The list price of Sovaldi -- the one-pill-a-day, 12-week treatment for Hep C-- is nearly $100,000. Most insurance providers refuse to pay this and you won’t believe what it is doing to Medicare and Medicaid.

In case you missed it, we’ve been critical of Turing Pharmaceuticals’ CEO Martin Shkreli, who has earned the nickname “Pharma Bro” after jacking up the price of Daraprim, a lifesaving drug, from $13.50 to $750 per tablet. He is now at the center of a new federal investigation and must answer to the Senate as to why he inflated the price and still has yet to lower it to a point that is more affordable, as he claimed he would.

For more on this story, watch this video:

However despicable one might feel Shkreli is, especially after viewing his brag-heavy, extravagant lifestyle on Twitter, he isn’t the only “Pharma Bro” out there.

Gilead Sciences is arguably just as bad if not worse. The Senate Finance Committee recently investigated the company for 18 months and found that its marketing and pricing strategy was designed to maximize revenue with little concern for patients in need of the drug Sovaldi, which is the cure for Hepatitis C.

The LA Times reports:

Gilead initially priced the hepatitis C drug Sovaldi at about $84,000 for a 12-week treatment, or about $1,000 per daily pill. That was more than twice the $36,000 the drug's developer, Pharmasset, had planned to charge before that company was acquired by Gilead in 2011 for $11 billion. It was also vastly out of line with Pharmasset's research and development costs, which the Senate Finance Committee estimated at less than $63 million in 2009-2011.

Documents acquired during the Senate Finance Committee’s investigation illustrate that Gilead was aware it was in a position to create clear savings for patients with Hep C, but chose not to.

Executives at Gilead also admitted that they could have make a significant profit by charging $55,000 per 12-week treatment for Sovaldi, but the company still decided to charge $84,000, which would deliver higher profits from the few patients who could still afford the drug.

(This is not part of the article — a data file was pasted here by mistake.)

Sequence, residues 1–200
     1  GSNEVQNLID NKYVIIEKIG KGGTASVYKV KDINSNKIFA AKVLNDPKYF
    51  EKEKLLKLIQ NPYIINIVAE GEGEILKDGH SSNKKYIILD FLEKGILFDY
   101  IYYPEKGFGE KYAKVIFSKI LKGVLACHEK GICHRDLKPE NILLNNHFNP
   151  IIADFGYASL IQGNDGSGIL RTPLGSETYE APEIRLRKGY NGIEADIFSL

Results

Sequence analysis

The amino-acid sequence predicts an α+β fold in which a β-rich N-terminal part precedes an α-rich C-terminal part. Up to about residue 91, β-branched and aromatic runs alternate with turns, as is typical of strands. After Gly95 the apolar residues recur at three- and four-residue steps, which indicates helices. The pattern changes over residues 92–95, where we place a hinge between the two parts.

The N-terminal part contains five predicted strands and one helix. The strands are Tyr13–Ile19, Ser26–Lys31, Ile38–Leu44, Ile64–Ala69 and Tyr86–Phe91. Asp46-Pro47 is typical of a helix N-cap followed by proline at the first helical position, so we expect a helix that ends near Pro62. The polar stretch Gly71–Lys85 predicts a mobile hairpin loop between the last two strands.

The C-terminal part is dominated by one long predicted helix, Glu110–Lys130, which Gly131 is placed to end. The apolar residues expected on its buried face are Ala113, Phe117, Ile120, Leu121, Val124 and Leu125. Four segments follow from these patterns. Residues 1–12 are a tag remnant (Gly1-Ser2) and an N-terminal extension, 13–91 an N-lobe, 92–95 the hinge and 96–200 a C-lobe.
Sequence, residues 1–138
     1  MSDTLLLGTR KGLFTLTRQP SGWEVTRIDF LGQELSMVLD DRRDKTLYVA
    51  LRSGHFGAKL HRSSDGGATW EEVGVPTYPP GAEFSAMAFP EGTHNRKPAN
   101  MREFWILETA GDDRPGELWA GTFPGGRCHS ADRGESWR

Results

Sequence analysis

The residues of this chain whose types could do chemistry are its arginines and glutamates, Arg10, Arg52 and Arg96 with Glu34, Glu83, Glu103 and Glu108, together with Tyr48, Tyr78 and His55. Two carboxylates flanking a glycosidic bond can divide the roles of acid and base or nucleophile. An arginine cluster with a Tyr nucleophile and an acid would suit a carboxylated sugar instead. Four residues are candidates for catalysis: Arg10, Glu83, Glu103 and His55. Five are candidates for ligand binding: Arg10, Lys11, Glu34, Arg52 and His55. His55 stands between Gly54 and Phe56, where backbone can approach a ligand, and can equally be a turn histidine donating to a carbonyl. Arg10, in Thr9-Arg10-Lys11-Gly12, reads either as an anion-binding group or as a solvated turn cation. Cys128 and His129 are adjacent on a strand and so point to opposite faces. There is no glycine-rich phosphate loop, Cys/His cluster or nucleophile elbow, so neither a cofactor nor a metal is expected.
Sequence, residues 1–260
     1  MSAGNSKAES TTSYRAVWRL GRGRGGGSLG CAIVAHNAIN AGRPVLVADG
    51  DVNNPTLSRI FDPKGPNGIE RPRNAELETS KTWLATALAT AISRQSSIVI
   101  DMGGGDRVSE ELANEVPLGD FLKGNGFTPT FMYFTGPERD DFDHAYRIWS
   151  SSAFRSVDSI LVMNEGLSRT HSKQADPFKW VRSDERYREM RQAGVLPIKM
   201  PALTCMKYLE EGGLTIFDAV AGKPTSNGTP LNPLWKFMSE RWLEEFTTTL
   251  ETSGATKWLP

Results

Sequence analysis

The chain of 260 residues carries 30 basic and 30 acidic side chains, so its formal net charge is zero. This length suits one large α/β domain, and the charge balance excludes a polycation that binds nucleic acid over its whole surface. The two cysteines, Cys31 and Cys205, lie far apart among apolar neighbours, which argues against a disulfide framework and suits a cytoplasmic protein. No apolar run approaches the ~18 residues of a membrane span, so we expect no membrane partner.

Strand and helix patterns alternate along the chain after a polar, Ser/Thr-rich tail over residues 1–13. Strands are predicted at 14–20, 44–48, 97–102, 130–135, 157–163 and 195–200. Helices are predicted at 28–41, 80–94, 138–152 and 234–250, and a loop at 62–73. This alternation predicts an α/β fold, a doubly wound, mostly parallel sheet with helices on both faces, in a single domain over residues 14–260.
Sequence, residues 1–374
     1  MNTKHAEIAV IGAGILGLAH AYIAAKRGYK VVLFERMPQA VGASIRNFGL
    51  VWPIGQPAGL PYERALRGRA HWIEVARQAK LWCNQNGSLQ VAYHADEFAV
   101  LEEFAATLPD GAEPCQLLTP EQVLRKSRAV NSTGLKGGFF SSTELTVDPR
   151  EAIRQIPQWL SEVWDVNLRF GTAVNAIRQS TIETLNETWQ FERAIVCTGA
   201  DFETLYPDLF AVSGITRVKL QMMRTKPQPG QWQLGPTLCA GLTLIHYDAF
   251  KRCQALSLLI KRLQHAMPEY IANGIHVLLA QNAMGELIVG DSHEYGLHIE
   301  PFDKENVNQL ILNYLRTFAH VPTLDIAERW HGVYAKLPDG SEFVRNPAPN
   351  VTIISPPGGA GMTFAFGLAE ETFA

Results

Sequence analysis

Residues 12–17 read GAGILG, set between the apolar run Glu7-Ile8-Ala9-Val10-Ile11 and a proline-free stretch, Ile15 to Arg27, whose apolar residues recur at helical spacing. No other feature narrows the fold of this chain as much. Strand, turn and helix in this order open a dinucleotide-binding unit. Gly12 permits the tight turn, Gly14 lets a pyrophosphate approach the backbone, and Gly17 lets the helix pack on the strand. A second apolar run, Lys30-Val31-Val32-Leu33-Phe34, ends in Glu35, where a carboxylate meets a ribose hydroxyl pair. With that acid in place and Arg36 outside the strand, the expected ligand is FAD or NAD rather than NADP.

Add to that the fact that a follow-on drug known as Harvoni, which incorporates Sovaldi, was introduced by Gilead Sciences last year at a price close to $100,000 for a full treatment, and suddenly capitalism in its purist form is a dirty word.

You can read up on the scandal of Sovaldi and Harvoni pricing here and here.

Gilead’s greed did come with an unexpected cost, which is how the Senate Finance Committee caught onto its shenanigans. When company executives were discussing a price increase, they expected "key opinion leaders" would be "vocal about their concerns" at a price over $80,000, but they expected insurance companies to approve the costly pill anyway.

Well, Gilead was wrong. Very wrong. Major insurers balked at the price and approved the drugs only for patients with the most severe cases of Hep C.

While insurance companies can reject the cost of a pricy drug, Medicaid rules require cardholders to be provided access to any FDA-approved drugs.

WebMD estimates about 3.2 million people in the U.S. have Hepatitis C, so it’s no surprise that the price gorging also affected Medicare and Medicaid costs nationwide. When Sovaldi’s price tag devastatingly impacted state budgets, many states were forced to ration the drugs, offering them only to the sickest patients, and then the Senate Finance Committee – which is responsible for overseeing federal programs that pay for prescription drug coverage – got involved.

The Senate Finance Committee’s full report on Gilead Sciences is available here. Essentially, the committee determined that in 33 out of 50 states, Sovaldi is now ranked as one of the five most expensive drugs Medicare and Medicaid cover. It ranks as the most expensive drug for Medicaid agencies in 14 states, and the second most expensive drug for an additional 15 states. The reasoning? People will pay any price for a cure and Gilead took full advantage of this.

As thorough as the Senate Committee’s findings were, it isn’t offering a solution at this time. 

Here are a few to kick around:

1.  Allow Medicare to negotiate prices with drug companies

2.  Allow U.S. patients to buy drugs abroad, especially from Canada, where prices are cheaper

3.  Mandate more openness in drug pricing, discounts, and rebates offered to major insurance companies.

"The public may be surprised to learn that members of Congress are forbidden by law to have access to information regarding price discounts and rebates agreed to by drug manufacturers as part of the Medicare and Medicaid programs," the Senate Finance Committee’s report states.

Of course we're surprised. Who benefits from that blindfold, except the drug companies?

The views and opinions expressed herein are those of the authors alone and do not necessarily reflect the views of Ora Media, LLC its affiliates, or its employees.

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